“When I saw him, and I saw his real, like, wanting to represent his family, where he comes from, the struggle,” Rodriguez tells L.A. Taco, “It really resonated with why I started doing this.” 

Born in Galicia, Spain to restaurant and bakery owners, Rodriguez, much like Billy, grew up with a strong connection to food and family. At the age of 11 after going through some hardships, his father moved them to Harlem where they eventually found themselves in the Projects. A few years later, his father passed away ensuring a life of struggle for the young Spaniard in the States. As Rodriguez recalls with a sense of laughter and pride, “I was a nerdy kid from Spain with tight pants. I got my ass whooped plenty of times.” 

After a couple of odd jobs at 16, including a stint at a barbershop, he decided he wanted to get back into cooking and follow his family’s footsteps like in Spain. After years of working his way up from dishwasher to line cook, the kid from the Harlem Projects bought the restaurant in which he learned to be a chef.  

As he got older, driven by impulse and fueled by his desire to establish his own identity, he signed a new lease to the site of his new restaurant Nai in 2010. An ode to his family and traditions, It’s now lauded for its Spanish cuisine combining his roots in traditional Galician tapas with a modern touch. He was broke, but managed to gather the $47,000 he needed for the first three months rent plus deposit, an exemplification of his resilience and perseverance he learned growing up.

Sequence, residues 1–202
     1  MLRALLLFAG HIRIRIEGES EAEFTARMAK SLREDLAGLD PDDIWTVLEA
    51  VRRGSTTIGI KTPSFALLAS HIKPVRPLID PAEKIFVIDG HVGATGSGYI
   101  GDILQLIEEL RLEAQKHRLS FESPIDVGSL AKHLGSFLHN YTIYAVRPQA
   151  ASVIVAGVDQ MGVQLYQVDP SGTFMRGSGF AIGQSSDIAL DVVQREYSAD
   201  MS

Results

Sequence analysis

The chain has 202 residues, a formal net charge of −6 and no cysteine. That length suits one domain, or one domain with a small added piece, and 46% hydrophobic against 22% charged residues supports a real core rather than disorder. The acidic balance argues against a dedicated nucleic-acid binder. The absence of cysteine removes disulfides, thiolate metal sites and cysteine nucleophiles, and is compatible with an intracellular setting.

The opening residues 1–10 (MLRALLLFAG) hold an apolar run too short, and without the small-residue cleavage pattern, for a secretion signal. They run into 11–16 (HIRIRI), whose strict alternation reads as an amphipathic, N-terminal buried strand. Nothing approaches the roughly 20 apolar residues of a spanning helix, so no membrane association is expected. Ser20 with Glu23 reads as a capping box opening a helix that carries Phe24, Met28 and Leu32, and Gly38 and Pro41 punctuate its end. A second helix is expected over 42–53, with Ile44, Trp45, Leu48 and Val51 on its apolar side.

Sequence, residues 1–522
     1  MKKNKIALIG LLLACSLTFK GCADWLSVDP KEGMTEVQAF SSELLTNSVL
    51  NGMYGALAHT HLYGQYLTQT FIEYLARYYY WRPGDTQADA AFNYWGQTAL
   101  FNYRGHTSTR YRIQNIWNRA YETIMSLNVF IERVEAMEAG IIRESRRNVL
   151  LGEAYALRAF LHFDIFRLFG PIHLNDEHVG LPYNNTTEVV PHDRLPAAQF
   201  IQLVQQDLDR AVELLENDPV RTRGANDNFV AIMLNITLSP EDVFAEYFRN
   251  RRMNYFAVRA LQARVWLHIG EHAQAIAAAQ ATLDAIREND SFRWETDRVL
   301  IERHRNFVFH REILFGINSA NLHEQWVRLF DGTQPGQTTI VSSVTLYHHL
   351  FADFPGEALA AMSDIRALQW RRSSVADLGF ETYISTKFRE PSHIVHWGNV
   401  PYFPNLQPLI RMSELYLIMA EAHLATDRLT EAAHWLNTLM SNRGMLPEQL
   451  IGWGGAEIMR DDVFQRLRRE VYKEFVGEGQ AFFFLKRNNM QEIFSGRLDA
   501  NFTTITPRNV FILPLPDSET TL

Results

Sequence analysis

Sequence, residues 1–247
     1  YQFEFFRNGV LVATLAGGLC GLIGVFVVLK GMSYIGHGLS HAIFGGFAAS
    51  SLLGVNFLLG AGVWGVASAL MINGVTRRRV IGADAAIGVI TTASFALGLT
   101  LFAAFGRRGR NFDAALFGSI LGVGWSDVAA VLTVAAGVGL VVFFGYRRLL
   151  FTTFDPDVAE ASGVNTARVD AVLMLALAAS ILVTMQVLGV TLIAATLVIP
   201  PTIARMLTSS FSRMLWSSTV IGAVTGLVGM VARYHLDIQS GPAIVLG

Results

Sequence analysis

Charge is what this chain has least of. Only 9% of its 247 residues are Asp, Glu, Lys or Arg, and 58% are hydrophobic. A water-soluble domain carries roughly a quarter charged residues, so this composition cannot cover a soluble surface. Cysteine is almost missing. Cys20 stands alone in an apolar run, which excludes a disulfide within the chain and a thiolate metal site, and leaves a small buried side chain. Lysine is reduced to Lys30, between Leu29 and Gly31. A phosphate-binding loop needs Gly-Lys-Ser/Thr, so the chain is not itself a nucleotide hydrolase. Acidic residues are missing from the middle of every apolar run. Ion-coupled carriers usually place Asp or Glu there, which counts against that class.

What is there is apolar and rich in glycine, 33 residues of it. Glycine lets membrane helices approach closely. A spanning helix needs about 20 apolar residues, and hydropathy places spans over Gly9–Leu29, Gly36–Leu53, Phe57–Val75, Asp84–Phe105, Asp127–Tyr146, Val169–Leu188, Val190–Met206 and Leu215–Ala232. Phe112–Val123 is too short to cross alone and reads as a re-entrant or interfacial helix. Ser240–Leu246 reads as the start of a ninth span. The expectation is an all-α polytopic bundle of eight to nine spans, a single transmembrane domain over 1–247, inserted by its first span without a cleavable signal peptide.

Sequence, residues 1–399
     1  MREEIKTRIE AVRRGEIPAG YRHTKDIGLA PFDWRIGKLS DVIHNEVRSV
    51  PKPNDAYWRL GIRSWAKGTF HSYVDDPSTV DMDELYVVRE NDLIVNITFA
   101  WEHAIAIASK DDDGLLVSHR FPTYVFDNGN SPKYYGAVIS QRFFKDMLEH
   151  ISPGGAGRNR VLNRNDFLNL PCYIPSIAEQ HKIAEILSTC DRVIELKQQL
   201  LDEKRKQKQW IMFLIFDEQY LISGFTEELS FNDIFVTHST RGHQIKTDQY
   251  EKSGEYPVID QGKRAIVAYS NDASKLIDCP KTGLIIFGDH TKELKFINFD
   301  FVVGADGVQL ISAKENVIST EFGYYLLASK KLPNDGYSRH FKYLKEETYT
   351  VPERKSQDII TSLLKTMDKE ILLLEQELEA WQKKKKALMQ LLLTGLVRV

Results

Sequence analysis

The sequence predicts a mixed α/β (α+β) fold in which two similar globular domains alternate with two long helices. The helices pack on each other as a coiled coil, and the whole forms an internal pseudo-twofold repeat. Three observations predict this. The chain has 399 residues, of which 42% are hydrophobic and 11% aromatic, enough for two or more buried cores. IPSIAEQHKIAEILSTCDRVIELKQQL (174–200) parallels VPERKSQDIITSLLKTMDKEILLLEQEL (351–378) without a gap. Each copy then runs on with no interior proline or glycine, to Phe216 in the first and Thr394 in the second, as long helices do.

Yet, with that success, Rodriguez admits, “The food world has turned into kinda wanting to be such an exclusive elite thing and I kinda lost my purpose in that lane too.” It’s a feeling Rodriguez hopes to reconcile with his next venture, Amigo, and why he flew to Los Angeles just four days after seeing the VICE video. “So when I reached out to Billy, it was because it was the growth where I wanted Nia as a company to go.” 

The first bite of the taco that almost didn’t happen